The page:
Three Kids, FI has an all-equities broad stock market index portfolio that he’s held for years. He’s confident he can handle maximum volatility, so what investments can he lean into to that will provide him with great long-term returns?
Jordan is a new listener and he has three questions: should he use $100,000 to buy more rental properties or invest in a brokerage account? Should he and his wife upgrade their home and buy a property that’s worth double their current home? And finally, how can self-employed individuals who earn more lower the cost of health insurance?
Alex’s wife lost her job due to the pandemic. They live in Washington state and are married filing separately due to his wife’s student loans. Can he use half of his income to qualify her for Roth IRA contributions?
Sarah rounds out this episode with a concern: a financial advisor told her that investing in VTSAX over-indexes her in large cap funds and technology stocks. Is this true, and what should she do about it?
I answer these four excellent questions on today’s episode. Enjoy!
Three Kids, FI asks (at 2:11 minutes):
I’m 38 years old with three kids. My family is debt free aside from our mortgage and we have an emergency fund. We max out our traditional 401k, HSA, and Roth IRA. Last year, we also started an online side business. We also contribute to three 529 plans to give our kids a headstart. We’re proud of our 38 percent savings rate.
I heard someone tell Joe that it’s easier to handle a downturn when you have a $60,000 portfolio, and harder when you have a $600,000 portfolio.
I’ve had an all-equities broad stock market index portfolio since I was in my 20s, and I went through the great recession without touching it. However, I’ve always wondered if I could do the same with a larger portfolio.
For the last decade, whenever I’ve looked at my portfolio, I’d imagine that number drop by 47 percent and staying there for years, like the great recession. That mental exercise was validated when our portfolio lost and regained $180,000 over the course of three months. I didn’t blink an eye. With 15 years as an all-equities investor backed by cash, I think I’ve proven to myself that I can handle the rollercoaster.
If you’re an investor unconcerned with volatility, what can you lean into that provides the best long-term returns?
Sarah asks (at 17:15 minutes):
I spoke with a financial advisor (who’s a fiduciary) who told me that investing in funds like VTSAX over-indexes me in large cap funds and technology stocks. Doing so ignores other types of investments and assets such as small cap funds, utilities, materials, and other sectors that may produce good returns but aren’t at the current capitalization of the large technology stocks right now.
Is it true that using investment tools such as VTSAX over-index you in large cap funds or in technology firms? Is this something I should correct for?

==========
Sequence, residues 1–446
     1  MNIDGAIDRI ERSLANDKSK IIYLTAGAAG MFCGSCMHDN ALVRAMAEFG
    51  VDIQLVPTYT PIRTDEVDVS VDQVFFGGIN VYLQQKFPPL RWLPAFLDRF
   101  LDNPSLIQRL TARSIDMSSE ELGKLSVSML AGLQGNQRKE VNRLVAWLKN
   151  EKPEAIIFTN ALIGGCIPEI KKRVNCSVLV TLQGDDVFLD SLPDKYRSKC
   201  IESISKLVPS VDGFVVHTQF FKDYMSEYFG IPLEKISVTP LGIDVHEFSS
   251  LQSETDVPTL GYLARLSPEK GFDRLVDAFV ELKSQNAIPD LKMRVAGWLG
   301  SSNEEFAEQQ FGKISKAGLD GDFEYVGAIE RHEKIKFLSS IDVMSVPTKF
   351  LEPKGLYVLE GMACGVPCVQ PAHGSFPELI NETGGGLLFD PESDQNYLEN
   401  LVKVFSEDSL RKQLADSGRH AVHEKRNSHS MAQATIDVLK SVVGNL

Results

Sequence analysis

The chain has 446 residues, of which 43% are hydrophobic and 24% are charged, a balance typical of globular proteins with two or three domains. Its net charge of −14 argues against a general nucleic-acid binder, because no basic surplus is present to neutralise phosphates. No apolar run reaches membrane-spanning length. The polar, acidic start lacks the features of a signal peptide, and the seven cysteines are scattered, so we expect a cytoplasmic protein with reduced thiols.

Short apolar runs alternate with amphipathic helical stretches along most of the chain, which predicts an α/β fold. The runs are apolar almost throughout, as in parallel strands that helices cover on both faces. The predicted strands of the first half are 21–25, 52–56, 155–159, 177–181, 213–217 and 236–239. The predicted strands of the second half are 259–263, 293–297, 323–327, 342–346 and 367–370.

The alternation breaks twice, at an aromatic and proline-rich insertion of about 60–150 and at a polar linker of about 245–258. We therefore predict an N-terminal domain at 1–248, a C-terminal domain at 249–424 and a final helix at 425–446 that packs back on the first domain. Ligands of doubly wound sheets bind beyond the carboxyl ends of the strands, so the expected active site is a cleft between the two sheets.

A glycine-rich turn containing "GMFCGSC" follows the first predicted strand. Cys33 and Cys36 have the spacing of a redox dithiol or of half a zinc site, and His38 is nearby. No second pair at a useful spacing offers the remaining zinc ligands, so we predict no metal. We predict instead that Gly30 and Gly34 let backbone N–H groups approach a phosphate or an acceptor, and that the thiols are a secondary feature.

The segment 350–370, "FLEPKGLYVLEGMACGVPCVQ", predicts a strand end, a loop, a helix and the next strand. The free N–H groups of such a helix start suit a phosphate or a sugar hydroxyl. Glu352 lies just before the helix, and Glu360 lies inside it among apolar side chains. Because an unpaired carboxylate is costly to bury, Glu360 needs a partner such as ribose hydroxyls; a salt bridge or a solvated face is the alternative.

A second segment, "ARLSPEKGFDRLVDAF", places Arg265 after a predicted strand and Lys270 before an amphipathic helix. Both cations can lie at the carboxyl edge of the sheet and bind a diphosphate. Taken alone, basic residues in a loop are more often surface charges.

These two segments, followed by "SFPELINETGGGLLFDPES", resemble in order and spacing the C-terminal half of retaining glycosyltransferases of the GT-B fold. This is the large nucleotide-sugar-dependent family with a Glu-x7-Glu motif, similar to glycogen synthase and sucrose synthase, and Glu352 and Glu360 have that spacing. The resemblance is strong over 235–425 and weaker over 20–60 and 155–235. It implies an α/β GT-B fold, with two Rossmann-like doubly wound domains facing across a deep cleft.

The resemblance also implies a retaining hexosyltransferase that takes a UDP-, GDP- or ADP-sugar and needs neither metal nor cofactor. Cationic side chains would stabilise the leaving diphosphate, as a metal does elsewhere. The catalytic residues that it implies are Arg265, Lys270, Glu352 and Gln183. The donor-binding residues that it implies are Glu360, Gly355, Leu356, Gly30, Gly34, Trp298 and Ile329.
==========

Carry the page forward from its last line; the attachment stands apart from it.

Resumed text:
Alex asks (at 30:56 minutes):
My wife and I have been married for two years, and we file separately for student loan purposes (she’ll have her loans forgiven soon). My wife lost her job earlier this year and hasn’t earned enough income to make a backdoor Roth IRA contribution.
Since we live in Washington, a state that has community property laws, married filing separately effectively splits our income between the two of us. Could we consider half of my income to be hers for the purpose of qualifying to make a traditional IRA contribution to then roll it into an IRA contribution, or is that not allowed?
Jordan asks (at 39:42 minutes):
I’m 28 years old. My wife and I have a two-year-old daughter. I’m a real estate broker and I own two rental properties: a single-family home and a duplex. Our plan is to own 20 rentals with cash flow that covers our living expenses.
I earn anywhere between $100,000 – $150,000 per year as a real estate agent, and we save the rental income we receive. Our mortgage is our only debt. We also have a six-month personal emergency fund and six-month emergency fund for my real estate business.
We have $100,000 to invest, and I’m not sure what to do with this money. Should I invest in a taxable brokerage account or purchase more rental properties? (I don’t have any subject properties that I want to buy.)
I have two other questions:
- My wife and I want to upgrade our house. Our current home is worth $250,000 and we have $90,000 in equity. The houses we’re eyeing are $400,000 – $500,000. Is this a good idea? I don’t want to make a decision based on my current income as it could fluctuate, and we’re a one-income household.
- What’s your recommendation for self-employed families that earn too much to get health insurance from the marketplace? Are there any options that don’t cost $15,000 – $20,000 per year? I also have a pre-existing condition.
- The Psychology of Money, with Morgan Housel | Podcast Interview
- The Simple Path to Wealth, with Jim Collins | Podcast Interview
- “The 8 Most Volatile Sectors” | Investopedia Article
- “Volatility from an Investor’s Point of View” | Investopedia Article
- The Psychology of Money, Morgan Housel | Book
- VTSAX | Vanguard
- Publication 590-A: | IRS, Contributions to IRAs
- Ask Paula – I Have Three Kids and I’m Hoping for Financial Independence | Podcast
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